Cowboys and dinosaurs!
In a small Mexican town, a square-jawed American cattle rancher with a suitably steel-chested name (Guy Madison as Jimmy) puts the moves on Sarita (Patricia Medina), the whitest Mexican girl in town, who happens to be betrothed to powerful Mexican cattle owner Enrique (Eduardo Noriega – not the modern Spanish dreamboat, the old Mexican actor).
Love triangle ensues, with Sarita more than willing to have secret meetings with Jimmy, or slide down his body delicious as he helps her off a horse, then complaining that her boyfriend is going to kill him. Poor Mexican dude never stood a chance though, not with this American production making the leading man look more square-jawed and steel-chested in every shot.
And with all the cattle disappearing in the swamp, fistfights between the two men, cattle deals, cattle stampedes, Sarita’s wedding (for which she does a Runaway Bride – to be at Jimmy’s side!), and stereotypical Mexican comic relief from Pancho and Panchito (a drunk father and his young son), we almost forget there’s a “beast” lurking up in that there Hollow Mountain. Seriously, besides the cattle going missing in the swamp – for which the answer might be quicksand – there is no hint, no whiff, no intimation that there is something totally outrageous waiting to spring on the movie in prehistoric bombast.
With only a few minutes runtime left, a stop-motion tyrannosaur comes roaring out of the swamp – animation NOT by Willis O’Brien or Ray Harryhausen, but definitely in their wheelhouse – and shockingly eats the comic relief (who saw that coming?!), then conveniently eats the Mexican fiancé (we ALL saw that coming!), and is killed single-handedly by the American Muscle (that too!), while armed ranch hands on horseback look on from somewhere offscreen and do nothing.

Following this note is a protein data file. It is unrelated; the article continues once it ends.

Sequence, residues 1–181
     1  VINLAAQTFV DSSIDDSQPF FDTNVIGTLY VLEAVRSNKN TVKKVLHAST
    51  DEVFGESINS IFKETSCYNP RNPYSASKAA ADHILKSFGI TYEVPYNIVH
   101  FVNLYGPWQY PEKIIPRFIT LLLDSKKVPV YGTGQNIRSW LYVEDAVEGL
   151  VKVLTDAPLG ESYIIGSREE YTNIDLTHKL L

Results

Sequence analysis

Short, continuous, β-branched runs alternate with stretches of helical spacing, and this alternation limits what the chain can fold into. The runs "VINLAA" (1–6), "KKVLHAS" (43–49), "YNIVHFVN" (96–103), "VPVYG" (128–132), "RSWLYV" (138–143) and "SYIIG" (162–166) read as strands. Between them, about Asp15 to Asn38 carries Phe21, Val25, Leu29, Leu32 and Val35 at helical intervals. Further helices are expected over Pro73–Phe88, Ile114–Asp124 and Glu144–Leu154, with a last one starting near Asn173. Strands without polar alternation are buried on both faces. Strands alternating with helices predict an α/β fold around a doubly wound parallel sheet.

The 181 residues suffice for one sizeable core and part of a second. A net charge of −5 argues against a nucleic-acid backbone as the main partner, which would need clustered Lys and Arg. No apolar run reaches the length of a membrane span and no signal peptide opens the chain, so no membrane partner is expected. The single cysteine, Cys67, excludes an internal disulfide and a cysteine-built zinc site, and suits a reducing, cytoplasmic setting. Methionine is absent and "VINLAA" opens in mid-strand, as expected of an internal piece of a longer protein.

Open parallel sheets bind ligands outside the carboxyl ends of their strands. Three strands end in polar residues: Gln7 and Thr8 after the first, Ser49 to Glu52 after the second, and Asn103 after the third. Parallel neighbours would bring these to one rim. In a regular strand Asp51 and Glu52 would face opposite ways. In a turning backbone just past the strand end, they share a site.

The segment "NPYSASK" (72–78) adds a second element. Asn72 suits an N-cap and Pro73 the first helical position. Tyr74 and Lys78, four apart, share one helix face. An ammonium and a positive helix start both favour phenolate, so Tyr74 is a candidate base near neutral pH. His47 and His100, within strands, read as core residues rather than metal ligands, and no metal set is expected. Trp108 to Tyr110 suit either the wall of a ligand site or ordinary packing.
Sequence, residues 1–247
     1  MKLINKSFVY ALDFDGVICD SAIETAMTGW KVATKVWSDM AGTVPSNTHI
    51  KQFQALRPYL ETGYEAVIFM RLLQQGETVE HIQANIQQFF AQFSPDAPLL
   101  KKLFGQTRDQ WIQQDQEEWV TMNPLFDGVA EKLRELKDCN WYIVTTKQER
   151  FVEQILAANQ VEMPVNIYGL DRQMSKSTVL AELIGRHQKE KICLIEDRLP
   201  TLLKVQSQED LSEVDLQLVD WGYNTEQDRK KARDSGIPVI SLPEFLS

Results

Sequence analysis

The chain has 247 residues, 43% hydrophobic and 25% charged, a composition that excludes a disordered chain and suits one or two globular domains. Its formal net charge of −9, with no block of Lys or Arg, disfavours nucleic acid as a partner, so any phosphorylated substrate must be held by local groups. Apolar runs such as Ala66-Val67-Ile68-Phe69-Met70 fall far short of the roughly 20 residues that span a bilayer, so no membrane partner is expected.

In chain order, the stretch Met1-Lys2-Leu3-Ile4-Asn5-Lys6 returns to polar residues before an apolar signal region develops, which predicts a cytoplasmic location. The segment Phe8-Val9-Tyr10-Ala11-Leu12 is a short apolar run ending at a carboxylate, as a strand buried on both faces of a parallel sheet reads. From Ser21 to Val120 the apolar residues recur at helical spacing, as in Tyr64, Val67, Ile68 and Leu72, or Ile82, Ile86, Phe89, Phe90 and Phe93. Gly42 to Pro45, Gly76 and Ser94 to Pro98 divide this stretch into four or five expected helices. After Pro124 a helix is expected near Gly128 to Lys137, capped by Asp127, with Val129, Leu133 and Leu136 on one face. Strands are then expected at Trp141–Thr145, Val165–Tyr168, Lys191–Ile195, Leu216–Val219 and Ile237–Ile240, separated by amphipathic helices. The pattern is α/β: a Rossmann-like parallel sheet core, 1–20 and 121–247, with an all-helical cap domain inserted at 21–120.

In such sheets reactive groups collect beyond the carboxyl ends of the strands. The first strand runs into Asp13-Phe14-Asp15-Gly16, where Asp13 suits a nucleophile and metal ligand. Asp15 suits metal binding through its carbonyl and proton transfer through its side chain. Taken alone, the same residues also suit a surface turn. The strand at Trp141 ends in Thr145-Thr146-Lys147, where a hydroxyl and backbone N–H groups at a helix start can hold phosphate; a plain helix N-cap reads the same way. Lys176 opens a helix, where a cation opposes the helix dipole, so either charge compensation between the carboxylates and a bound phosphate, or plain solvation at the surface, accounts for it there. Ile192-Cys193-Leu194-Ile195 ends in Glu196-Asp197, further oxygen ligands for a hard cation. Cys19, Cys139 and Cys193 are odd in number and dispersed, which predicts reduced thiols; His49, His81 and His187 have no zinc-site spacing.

While most of the beast’s movements are the usual jerky fare, there are a couple of good running scenes of the dinosaur, as it gallops across flatland. The animators seem to be able to make its legs achieve air, by cunningly keeping the model’s tail connected to the ground while it runs. Almost unnoticeable, but a good effect nonetheless. For audiences who had only been exposed to a few dino films in cinema, this was as good as it got. I guess they kept the beast’s appearance short to stay long on the budget. (Credits state: “From an idea by Willis O’Brien.” You can bet he wasn’t on the crew for the same reason they kept the beast’s appearance to a minimum.)
The only other Mexican Dinosaur Western I can think of is 1969’s KING KONG-inspired THE VALLEY OF GWANGI. If nothing else, 1956’s BEAST OF HOLLOW MOUNTAIN can claim a unique pedigree in this tiniest of film genres.